Public Health

How AMA is fighting to stop “public charge” immigration rule

Tanya Albert Henry , Contributing News Writer

Editor’s note: The Department of Homeland Security announced in March 2021 that the government will no longer be defending the 2019 “public charge” rule. The U.S. Department of Justice also has dismissed its pending appeals in the Supreme Court and 7th U.S. Circuit and is in the process of dismissing is appeal in the 4th U.S. Circuit. Learn more.

As numerous legal challenges to a Trump administration rule that vastly expands which immigrants are considered a “public charge” wind their way through federal courts nationwide, physicians are letting judges know how the change puts immigrants’ health at risk—especially already vulnerable children, pregnant women and people with disabilities.

Advocating for immigrants

All patients deserve timely access to quality medical care. The AMA is fighting to secure this right for immigrants in the US. 

The change “dramatically increases the likelihood that lawfully present immigrants and their families will forego health and nutrition benefits to avoid negatively impacting their immigration status,” briefs from the Litigation Center of the American Medical Association and State Medical Societies tell the courts.

The AMA Litigation Center has joined state medical societies and medical specialty societies in filing briefs in a number of cases challenging the controversial new public charge rule and asking for preliminary injunctions to stop the change from going into effect while the courts consider whether the rule should be struck down permanently.

Find out more about the cases in which the AMA Litigation Center is providing assistance and learn about the Litigation Center’s case-selection criteria.

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Each of these briefs asks the respective court to put or keep a preliminary injunction in place to prevent further harm and damage to immigrants’ health. The cases include:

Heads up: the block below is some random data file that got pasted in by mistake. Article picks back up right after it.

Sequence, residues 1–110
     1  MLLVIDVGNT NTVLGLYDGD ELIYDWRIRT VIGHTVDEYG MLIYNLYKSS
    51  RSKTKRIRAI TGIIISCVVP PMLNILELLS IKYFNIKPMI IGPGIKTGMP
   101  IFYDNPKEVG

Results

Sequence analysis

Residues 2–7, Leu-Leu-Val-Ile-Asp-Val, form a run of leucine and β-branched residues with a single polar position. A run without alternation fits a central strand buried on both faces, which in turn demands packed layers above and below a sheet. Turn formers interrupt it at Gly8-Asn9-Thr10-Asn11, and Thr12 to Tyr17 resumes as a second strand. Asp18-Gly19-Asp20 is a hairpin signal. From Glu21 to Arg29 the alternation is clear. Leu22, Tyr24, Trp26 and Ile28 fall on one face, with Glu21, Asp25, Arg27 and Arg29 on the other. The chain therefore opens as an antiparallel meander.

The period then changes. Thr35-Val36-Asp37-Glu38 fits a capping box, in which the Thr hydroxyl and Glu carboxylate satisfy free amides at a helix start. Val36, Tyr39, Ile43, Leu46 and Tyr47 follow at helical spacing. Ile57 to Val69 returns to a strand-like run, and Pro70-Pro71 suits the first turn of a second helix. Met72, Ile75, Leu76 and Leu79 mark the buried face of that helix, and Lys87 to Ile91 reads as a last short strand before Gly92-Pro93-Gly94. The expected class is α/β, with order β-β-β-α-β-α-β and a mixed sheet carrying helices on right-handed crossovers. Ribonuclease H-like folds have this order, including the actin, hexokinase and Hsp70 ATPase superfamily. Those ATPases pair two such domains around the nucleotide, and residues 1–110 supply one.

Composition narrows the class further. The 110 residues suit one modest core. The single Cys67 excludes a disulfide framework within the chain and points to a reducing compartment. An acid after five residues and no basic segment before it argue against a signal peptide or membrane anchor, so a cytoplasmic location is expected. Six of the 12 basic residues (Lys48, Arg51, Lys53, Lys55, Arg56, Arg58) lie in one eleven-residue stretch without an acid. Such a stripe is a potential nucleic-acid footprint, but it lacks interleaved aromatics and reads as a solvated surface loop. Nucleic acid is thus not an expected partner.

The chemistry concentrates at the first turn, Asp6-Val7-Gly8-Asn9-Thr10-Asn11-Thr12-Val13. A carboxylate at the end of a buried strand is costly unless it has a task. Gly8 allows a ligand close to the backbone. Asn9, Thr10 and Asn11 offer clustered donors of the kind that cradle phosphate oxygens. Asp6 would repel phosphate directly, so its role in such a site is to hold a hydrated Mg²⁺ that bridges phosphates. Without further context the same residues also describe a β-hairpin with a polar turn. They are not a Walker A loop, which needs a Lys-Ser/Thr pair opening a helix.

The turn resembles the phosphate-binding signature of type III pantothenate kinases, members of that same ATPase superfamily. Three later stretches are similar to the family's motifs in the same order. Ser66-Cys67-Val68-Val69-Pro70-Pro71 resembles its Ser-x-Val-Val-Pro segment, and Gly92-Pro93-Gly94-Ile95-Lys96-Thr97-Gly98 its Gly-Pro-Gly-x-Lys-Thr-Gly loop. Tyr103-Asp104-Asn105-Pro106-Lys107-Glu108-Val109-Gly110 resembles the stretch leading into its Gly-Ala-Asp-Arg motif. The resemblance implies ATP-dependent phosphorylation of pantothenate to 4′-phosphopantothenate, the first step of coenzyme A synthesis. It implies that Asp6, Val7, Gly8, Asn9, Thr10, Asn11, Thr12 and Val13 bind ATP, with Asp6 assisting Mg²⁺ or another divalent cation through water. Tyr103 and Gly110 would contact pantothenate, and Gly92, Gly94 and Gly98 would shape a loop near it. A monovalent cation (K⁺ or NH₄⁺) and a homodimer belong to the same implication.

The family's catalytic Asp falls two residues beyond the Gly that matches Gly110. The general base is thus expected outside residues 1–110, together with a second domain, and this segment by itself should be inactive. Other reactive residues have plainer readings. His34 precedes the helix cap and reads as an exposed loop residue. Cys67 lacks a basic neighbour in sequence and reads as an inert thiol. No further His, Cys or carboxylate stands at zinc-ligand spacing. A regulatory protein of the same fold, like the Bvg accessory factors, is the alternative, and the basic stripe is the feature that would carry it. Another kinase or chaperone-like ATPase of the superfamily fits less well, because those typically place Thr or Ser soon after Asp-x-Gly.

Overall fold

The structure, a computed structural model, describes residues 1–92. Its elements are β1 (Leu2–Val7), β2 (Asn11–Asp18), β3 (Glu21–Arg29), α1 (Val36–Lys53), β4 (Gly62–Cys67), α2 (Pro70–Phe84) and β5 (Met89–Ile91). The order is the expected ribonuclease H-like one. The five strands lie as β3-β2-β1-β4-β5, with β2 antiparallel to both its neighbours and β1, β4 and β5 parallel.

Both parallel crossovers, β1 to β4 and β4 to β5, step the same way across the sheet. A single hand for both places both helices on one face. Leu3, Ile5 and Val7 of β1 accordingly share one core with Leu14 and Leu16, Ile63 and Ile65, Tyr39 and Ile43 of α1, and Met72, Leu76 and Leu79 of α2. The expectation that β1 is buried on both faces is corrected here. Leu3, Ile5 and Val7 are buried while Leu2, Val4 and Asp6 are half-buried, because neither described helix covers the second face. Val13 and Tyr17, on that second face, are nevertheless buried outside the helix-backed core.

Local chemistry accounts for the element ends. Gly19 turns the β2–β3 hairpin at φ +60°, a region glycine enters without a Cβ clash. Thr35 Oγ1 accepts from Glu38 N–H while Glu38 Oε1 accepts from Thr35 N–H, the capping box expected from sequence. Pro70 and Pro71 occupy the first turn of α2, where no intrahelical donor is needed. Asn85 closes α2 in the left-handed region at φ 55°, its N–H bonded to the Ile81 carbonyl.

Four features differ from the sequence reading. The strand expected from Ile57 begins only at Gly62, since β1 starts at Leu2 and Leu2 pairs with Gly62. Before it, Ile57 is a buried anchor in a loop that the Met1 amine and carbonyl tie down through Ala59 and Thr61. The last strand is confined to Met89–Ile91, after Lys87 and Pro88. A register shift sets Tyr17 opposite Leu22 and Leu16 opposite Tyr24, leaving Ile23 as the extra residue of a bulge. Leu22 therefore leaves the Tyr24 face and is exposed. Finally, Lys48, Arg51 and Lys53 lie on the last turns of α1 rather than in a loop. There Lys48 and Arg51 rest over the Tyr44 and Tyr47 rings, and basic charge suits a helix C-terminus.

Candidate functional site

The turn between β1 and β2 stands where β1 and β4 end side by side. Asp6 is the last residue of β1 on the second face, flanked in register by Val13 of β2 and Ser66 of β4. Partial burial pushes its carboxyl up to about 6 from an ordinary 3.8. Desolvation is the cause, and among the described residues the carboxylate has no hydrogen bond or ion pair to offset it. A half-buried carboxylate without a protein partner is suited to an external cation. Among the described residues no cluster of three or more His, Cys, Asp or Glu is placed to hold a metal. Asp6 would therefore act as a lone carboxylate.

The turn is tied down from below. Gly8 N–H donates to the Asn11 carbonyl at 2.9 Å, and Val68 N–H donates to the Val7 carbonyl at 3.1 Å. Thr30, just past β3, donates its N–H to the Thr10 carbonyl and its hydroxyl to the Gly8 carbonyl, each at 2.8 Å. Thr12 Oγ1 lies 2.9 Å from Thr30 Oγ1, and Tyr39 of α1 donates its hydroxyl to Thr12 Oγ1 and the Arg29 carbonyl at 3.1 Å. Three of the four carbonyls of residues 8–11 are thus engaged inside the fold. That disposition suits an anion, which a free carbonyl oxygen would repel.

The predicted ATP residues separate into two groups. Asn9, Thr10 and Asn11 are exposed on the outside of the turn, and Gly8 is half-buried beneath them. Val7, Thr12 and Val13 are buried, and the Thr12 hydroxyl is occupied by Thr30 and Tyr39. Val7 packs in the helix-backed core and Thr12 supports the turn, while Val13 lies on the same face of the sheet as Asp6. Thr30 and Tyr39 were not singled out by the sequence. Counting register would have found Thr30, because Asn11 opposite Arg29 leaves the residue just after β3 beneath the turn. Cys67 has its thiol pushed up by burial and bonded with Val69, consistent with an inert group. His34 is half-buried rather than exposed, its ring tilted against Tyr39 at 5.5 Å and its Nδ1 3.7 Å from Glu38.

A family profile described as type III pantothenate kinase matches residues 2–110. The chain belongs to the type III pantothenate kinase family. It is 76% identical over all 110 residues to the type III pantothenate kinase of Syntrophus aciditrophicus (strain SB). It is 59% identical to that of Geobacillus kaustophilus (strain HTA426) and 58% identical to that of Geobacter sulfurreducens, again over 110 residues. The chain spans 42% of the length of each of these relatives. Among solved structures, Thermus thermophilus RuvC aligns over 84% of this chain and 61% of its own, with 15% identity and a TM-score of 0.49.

Casa de Maryland Inc. v. Trump. This case was on appeal to the 4th. U.S. Circuit Court of Appeals from the U.S. District Court for the District of Maryland.

City and County of San Francisco; County of Santa Clara v. U.S. Citizenship and Immigration Services. This case is on appeal to the 9th U.S. Circuit Court of Appeals from the U.S. District Court for the Northern District of California.

State of California v. U.S. Department of Homeland Security (DHS). This case is filed in the U.S. District Court for the Northern District of California. The case was joined with the City and County of San Francisco; County of Santa Clara case.

The AMA Litigation Center also joined the Washington State Medical Association and other physician organizations in filing a brief in State of Washington v. DHS that challenges the rule and asks for a preliminary injunction in the U.S. District Court for the Eastern District of Washington.

Learn more from the AMA about that case and how the new “public charge” rule will put immigrants’ health at risk.

The AMA Litigation Center partnered, too, in a brief in the case —DHS v. New York— in which the U.S. District Court in Manhattan issued a preliminary nationwide injunction that blocked the rule from being implemented.

In a 5–4 U.S. Supreme Court decision in late January, the nation’s highest court lifted a nationwide injunction on the rule that the Manhattan District Court had put in place in DHS v. New York.

The Supreme Court ruling applies to any cases in which a lower court granted a nationwide injunction, including the Casa de Maryland and State of Washington cases. The ruling allows the government to enforce the new public charge rule in those places. However, the underlying lawsuits challenging the rule itself will continue to move forward.

Meanwhile, the ruling does not affect preliminary injunctions that were more geographically specific. For example, the City and County of San Francisco; County of Santa Clara and the California v. DHS preliminary injunctions will remain in place, as will a ruling from a judge in Illinois who limited the preliminary injunction to that state.

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The Trump policy gives the government more leeway to deny visas or green cards for legal immigrants. DHS previously defined a public charge as someone who would likely become primarily dependent on the government, receiving cash assistance or become institutionalized in a government-funded long-term care facility.

The new rule expands the definition of “public benefits” to include health, nutrition and housing programs, including nonemergency Medicaid for nonpregnant adults and the Supplemental Nutritional Assistance Program known as SNAP. It also limits how many public benefits an immigrant can receive before being deemed a public charge.

While the Trump policy at issue in these lawsuits involves legal immigrants’ access to government benefits, the AMA has been, and continues to be, deeply committed to ensuring the health and safety of all individuals regardless of immigration status. That includes a focus on conditions at immigrant detention centers at the Southern border.

The AMA is urging the administration and Congress to work with the AMA and other medical and mental health care experts to develop policies that ensure the health of children and families is protected throughout the immigration process.